Friday, November 25, 2022

Embrace the Current Yankees Boss...


Hal Steinbrenner (Photo Credit: Jason Szenes/Getty Images)

Hal, not George, runs the New York Yankees…

George Steinbrenner died July 13, 2010...

As someone who lived during the George Steinbrenner era, you will never find me wishing the Boss was still alive. I miss his passion and love for the Yankees, sure, but I remember the faults. As a kid, it seemed like there was a new manager every year and of course there was the unhealthy love/hate relationship the Boss had with Billy Martin. I loved every hiring and was deeply saddened by every firing. It was impossible to keep up with the pitching coaches. Those guys churned more than the revolving managerial door. 

Gabe Paul, Billy Martin & George Steinbrenner (Photo Credit: Marty Lederhandler/AP)

I remember going to my first game at the old Yankee Stadium in 1987 and the anti-Boss yells were noticeable. There was no love for George Steinbrenner during those days. Many of us were frustrated last March when the Yankees acquired the aging Josh Donaldson and his fat contract. Those type of acquisitions were frequent under the Boss. Overpaying veterans who were “past their prime” was commonplace.

I truly believe the 1990s dynasty would not have happened if not for the Boss’s time away. Dave Winfield signed a 10-year contract with the Yankees after the 1980 season (for a now laughable $23 million given where salaries are for elite players today). Winfield never brought a championship to New York, and of course, he earned the nickname “Mr. May” from Steinbrenner for his poor October performances. The contract did not age well, for Steinbrenner, and he suspended annual payments to Winfield’s foundation in the latter years of the contract, payments required under the terms and conditions of Winfield’s agreement with the team, with the belief the funds were mismanaged. This led to lawsuits between Winfield and the Boss. Steinbrenner, to prove Winfield’s mismanagement of the foundation payments, paid a gambler named Howard Spira $40,000. Spira had been a foundation volunteer and was willing to confirm Steinbrenner’s suspicions…for a price.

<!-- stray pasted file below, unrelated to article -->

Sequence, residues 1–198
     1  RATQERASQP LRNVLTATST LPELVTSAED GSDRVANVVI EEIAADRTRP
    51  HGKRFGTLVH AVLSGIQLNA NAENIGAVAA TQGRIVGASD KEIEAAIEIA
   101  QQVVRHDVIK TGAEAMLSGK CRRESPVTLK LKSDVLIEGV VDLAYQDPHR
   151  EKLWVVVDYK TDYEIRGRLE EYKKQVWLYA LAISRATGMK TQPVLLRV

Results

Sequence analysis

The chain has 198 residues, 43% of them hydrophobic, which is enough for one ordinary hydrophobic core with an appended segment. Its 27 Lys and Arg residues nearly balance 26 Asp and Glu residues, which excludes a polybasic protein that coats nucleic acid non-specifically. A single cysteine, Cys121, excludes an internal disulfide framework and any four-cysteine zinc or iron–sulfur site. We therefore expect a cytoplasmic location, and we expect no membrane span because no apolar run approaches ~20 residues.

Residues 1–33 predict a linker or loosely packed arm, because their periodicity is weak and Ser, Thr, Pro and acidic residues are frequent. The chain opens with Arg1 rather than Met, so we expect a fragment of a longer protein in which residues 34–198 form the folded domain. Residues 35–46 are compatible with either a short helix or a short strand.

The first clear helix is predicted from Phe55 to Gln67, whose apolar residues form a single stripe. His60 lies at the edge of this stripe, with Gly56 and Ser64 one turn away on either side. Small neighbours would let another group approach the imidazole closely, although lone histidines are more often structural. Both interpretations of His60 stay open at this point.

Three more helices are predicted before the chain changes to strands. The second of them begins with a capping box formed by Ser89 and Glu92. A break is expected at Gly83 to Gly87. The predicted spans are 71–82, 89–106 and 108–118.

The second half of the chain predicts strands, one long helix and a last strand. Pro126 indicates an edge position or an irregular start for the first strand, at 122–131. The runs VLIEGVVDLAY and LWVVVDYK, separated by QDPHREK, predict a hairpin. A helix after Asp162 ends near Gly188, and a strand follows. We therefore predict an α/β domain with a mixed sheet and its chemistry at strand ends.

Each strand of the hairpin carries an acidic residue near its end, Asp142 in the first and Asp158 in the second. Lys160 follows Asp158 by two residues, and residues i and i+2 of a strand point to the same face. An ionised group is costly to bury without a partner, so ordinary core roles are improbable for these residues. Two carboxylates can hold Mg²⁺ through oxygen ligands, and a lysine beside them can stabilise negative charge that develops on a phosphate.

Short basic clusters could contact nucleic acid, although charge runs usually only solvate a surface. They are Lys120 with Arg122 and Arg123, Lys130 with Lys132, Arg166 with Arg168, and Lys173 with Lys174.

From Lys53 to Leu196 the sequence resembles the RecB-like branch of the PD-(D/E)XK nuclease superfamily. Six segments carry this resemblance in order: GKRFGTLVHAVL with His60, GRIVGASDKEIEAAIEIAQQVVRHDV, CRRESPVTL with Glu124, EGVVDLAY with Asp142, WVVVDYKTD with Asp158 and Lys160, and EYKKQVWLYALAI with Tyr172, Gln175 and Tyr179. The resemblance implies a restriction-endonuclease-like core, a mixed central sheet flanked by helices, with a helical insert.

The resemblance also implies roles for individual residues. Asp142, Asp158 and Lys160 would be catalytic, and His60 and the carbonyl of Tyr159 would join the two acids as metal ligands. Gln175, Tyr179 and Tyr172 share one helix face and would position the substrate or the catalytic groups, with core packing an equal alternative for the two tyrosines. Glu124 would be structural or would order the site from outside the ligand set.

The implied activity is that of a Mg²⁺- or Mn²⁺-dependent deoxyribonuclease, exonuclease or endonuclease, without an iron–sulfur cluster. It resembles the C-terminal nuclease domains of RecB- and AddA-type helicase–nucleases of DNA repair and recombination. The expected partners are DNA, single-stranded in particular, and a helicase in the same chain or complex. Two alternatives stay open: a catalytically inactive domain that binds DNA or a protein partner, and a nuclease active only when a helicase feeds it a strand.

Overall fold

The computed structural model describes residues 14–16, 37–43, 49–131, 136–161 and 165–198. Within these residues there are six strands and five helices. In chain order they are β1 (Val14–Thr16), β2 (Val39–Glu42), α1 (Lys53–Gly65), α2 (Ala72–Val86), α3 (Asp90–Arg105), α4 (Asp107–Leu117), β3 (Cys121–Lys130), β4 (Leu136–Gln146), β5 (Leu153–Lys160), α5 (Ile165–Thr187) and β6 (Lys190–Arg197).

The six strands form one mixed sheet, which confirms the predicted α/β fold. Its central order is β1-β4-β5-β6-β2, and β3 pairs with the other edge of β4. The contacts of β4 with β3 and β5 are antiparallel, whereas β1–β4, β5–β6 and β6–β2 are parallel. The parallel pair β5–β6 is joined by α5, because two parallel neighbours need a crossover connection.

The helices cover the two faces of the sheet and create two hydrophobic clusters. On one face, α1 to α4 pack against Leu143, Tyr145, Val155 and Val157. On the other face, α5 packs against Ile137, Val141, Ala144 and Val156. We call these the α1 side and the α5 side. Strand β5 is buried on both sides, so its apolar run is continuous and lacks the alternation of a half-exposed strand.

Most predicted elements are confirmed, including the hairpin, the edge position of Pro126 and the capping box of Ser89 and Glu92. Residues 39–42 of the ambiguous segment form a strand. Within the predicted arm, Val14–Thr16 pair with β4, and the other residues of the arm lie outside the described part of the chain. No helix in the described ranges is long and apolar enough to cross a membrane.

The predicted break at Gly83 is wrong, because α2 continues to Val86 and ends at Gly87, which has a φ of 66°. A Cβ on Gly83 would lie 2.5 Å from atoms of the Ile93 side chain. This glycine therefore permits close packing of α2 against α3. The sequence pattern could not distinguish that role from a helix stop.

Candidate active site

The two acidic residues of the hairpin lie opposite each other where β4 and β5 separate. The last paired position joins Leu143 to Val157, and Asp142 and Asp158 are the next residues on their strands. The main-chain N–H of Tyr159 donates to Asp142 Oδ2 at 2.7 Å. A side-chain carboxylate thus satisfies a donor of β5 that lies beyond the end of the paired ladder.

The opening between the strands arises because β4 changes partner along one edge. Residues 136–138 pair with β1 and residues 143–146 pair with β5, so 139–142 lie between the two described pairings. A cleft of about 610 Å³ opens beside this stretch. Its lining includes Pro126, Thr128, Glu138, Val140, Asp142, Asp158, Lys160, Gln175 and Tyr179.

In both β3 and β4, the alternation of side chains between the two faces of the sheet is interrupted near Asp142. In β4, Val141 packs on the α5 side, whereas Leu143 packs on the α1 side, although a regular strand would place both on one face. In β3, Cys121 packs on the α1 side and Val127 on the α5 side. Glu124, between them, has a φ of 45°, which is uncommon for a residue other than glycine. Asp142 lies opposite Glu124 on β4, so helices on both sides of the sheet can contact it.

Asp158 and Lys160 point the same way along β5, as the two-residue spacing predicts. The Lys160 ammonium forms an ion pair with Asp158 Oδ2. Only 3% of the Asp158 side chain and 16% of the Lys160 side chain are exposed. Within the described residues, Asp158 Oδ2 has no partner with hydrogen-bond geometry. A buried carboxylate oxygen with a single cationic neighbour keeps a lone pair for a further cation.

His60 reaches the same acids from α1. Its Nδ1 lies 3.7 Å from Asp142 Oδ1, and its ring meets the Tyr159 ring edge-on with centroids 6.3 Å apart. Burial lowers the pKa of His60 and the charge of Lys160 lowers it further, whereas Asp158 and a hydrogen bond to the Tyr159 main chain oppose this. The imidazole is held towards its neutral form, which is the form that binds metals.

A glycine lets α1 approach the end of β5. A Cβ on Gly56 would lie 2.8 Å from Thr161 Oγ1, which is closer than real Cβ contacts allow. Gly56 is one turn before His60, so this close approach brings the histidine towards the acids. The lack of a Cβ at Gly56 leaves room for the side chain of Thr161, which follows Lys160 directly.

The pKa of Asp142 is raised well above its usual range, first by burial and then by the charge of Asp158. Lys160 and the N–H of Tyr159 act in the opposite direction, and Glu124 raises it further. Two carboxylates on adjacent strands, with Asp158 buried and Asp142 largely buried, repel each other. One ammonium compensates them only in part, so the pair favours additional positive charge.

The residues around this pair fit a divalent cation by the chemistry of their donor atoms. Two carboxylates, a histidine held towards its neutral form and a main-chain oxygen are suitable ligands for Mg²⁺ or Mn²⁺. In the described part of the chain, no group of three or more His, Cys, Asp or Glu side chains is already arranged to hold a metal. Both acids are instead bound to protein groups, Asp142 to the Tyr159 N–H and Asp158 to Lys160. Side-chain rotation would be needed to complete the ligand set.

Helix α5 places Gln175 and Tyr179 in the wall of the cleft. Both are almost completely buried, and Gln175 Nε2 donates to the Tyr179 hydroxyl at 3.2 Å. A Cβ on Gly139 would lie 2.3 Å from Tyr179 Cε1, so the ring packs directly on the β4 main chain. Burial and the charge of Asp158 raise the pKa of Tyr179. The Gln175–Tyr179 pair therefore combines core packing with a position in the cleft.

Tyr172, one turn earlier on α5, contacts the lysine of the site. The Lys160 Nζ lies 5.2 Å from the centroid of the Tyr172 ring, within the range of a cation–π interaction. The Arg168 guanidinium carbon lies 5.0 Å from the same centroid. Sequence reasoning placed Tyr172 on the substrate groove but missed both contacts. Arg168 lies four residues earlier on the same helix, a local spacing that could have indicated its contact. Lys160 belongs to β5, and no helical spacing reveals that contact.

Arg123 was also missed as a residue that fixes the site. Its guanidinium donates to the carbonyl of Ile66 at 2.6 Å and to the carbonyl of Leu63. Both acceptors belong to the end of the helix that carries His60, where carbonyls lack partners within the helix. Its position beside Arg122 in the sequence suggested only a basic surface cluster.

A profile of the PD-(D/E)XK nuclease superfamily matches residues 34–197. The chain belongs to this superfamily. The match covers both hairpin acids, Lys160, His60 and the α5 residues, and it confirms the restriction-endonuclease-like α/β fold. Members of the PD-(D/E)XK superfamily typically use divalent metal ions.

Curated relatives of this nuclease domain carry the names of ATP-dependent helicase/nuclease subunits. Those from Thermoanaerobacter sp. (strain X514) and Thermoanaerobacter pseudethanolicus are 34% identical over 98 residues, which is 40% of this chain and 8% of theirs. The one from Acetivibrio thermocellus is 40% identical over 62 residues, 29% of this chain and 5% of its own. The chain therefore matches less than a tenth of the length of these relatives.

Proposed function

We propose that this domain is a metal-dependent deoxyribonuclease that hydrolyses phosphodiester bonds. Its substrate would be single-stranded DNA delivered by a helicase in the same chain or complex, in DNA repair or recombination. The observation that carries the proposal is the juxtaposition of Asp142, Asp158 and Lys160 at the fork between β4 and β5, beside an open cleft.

When Steinbrenner’s actions came to light, it led then MLB Commissioner Fay Vincent to bar Steinbrenner for life. Although the Boss was not required to sell his interest in the Yankees, he was barred from day-to-day management of the team. Steinbrenner had requested the lifetime ban over a two-year suspension because he feared a suspension would jeopardize his place as Vice President of the U.S. Olympic Committee.

Limited Partner Robert Nederlander took over as the Managing General Partner for two years, and subsequently replaced by Joe Molloy, Steinbrenner’s former son-in-law. Under Nederlander and Molloy, Yankees executive Gene Michael was able to build the framework for the late 1990s championship run. The trade which brought Paul O’Neill to New York happened while the Boss was “away” and of course the Core Four, plus Bernie Williams, rose to prominence because they were given the time to blossom. 

After requesting reinstatement, the lifetime ban was lifted, and the Boss returned to his role as the Managing General Partner in 1993. He largely allowed Michael to continue building the eventual championship teams. The notable exception was following the 1995 season, after the stunning playoff loss to the Seattle Mariners, when Buck Showalter turned down a two-year contract extension because it included a provision to fire then-hitting coach Rick Down. Steinbrenner took this as a “resignation” which created a managerial vacancy.

Although Michael lost a manager he would have retained, he rebounded by naming Joe Torre as Yankees manager and of course the rest is history. If pre-lifetime ban Steinbrenner had been present, the new Yankees manager most likely would have been Davey Johnson or Tony LaRussa. Fortunately, the post-lifetime ban Boss supported Michael’s decision, and the championships soon followed.